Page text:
Edited: 6/11/2012 9:38:14 AM by Jeff - Mars
Post #768482
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 Posted 6/11/2012 4:49:39 PM
 

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One of the reasons I'm interested in hunting the river is here in western KY there isn't many people out there hunting.  Now the farm ground down the river bank is another story.  It is full of private clubs or just family farms where they always hunt their fields.  I have never got a strait answer on the property line issue.  Some say if its water then its part of the river and open for anyone, and others say even if the water is up when you drop anchor or tie up to a try you are tresspassing because you then are making contact with private property.  I've had game wardens on both sides of that argument. 

A bad day in the blind beats a good day at work.
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 Posted 6/14/2012 4:39:54 PM
 

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blizzardhunter (6/11/2012)
Some say if its water then its part of the river and open for anyone, and others say even if the water is up when you drop anchor or tie up to a try you are tresspassing because you then are making contact with private property.  


Thats what I was told last hunting season when the Missouri River went back in its banks.  You can hunt and fish from a boat on private ground and be legal, but once you weight touch the bottom then you better have permission from the land owner.


Critter Gettem with one shot
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 Posted 6/15/2012 7:54:12 PM
 

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blizzardhunter (6/11/2012)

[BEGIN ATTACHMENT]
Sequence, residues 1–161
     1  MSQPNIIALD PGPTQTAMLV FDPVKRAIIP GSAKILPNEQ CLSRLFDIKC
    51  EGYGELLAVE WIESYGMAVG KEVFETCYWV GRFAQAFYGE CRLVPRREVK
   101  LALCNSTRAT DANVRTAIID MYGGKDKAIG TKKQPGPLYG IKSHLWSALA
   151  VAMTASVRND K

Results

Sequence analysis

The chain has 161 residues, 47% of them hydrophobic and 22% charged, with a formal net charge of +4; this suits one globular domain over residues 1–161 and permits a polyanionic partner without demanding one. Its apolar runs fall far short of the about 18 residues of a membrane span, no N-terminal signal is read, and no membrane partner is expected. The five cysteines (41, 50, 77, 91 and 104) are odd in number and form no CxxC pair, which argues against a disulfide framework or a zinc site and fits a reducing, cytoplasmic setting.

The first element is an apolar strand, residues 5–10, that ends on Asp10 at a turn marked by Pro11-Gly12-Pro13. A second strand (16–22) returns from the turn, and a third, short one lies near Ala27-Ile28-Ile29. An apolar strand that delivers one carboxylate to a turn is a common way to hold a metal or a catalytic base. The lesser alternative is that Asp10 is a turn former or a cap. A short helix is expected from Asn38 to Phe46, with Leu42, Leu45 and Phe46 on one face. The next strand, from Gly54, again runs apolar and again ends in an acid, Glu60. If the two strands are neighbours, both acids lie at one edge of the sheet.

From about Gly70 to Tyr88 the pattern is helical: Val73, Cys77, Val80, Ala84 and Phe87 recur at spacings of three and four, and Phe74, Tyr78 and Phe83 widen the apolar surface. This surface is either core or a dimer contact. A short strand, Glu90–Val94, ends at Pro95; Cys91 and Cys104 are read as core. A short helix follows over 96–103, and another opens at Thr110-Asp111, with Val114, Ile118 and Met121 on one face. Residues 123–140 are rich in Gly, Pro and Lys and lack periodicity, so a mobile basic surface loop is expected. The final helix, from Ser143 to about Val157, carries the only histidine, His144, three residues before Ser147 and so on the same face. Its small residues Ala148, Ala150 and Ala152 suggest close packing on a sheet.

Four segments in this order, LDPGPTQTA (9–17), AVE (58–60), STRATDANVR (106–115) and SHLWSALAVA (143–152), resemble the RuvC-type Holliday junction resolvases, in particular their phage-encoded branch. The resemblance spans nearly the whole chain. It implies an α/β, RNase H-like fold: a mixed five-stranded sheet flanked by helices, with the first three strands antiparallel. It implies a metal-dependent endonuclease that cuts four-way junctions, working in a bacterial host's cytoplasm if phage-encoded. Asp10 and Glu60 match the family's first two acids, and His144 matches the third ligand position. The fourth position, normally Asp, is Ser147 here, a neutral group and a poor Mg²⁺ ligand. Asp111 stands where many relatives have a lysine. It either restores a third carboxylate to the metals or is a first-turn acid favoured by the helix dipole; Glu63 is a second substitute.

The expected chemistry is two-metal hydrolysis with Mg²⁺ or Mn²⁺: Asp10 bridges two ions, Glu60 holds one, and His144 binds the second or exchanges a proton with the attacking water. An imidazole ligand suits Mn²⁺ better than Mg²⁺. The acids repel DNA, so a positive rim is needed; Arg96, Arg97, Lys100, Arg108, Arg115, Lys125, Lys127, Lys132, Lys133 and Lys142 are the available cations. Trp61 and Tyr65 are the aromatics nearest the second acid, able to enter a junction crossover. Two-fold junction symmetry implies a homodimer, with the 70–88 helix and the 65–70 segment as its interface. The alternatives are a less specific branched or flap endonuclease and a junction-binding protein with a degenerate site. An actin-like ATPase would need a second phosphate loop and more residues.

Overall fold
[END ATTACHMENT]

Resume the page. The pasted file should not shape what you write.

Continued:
One of the reasons I'm interested in hunting the river is here in western KY there isn't many people out there hunting.  Now the farm ground down the river bank is another story.  It is full of private clubs or just family farms where they always hunt their fields.  I have never got a strait answer on the property line issue.  Some say if its water then its part of the river and open for anyone, and others say even if the water is up when you drop anchor or tie up to a try you are tresspassing because you then are making contact with private property.  I've had game wardens on both sides of that argument. 




Whatever you decide to do, make sure you have an official copy of the regulations with you and also one at home is a safe place so there is no question that you are following the law. 

Also check blind regulations. You may be able to put a blind in the water so you never have to touch the river's banks, but can stay concealed. Maybe something like the put hut or a boat blind.
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 Posted 7/7/2012 1:18:43 PM
 

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blizzardhunter (6/7/2012)
Does anyone know a good resource for duck hunting on big rivers?  I'm pretty close to the Mississippi and have heard from a few and read some articles talking about how great it is.  I'm interested and would like to learn about it.  I don't know what to look for or where to start.  The river bank just all looks the same in my area.  Any advice would be great.



I hunted the Mississippi up here in Missouri for a couple years.

Some areas of the river you can't hunt from a boat, others you have to be in a blind that is usually drawn on the state. I know Missouri and Illinois both have blind location draws every couple years and you can't hunt from a boat between certain mile markers.

Hunting the river is hard work, sometimes the typical weights won't keep your decoys from floating away. A lot of guys around me use bricks and or make their own 1lb weights made from a muffin tin and scrap lead.

The river does freeze up, ice flows around us will freeze every boat ramp up, but the channel is still open. Breaking skim ice in an alum boat makes some interesting sounds.
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 Posted 7/10/2012 9:19:14 AM
 

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I wish I could hunt the Mississippi River which I live on. The problem is it's pretty much only accessible if you have the money to build a blind and own a good boat. I just wish there were parts of it where you could just drive up to the bank, throw out a dozen decoys and hide in the cattails.